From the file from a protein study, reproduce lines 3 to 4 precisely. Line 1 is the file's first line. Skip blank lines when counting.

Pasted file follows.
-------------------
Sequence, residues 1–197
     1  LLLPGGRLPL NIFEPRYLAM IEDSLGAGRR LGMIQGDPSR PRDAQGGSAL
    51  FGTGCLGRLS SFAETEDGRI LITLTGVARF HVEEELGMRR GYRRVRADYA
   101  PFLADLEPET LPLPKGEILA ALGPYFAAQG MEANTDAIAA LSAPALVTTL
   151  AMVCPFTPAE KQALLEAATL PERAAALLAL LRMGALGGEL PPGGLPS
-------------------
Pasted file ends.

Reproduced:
    51  FGTGCLGRLS SFAETEDGRI LITLTGVARF HVEEELGMRR GYRRVRADYA
   101  PFLADLEPET LPLPKGEILA ALGPYFAAQG MEANTDAIAA LSAPALVTTL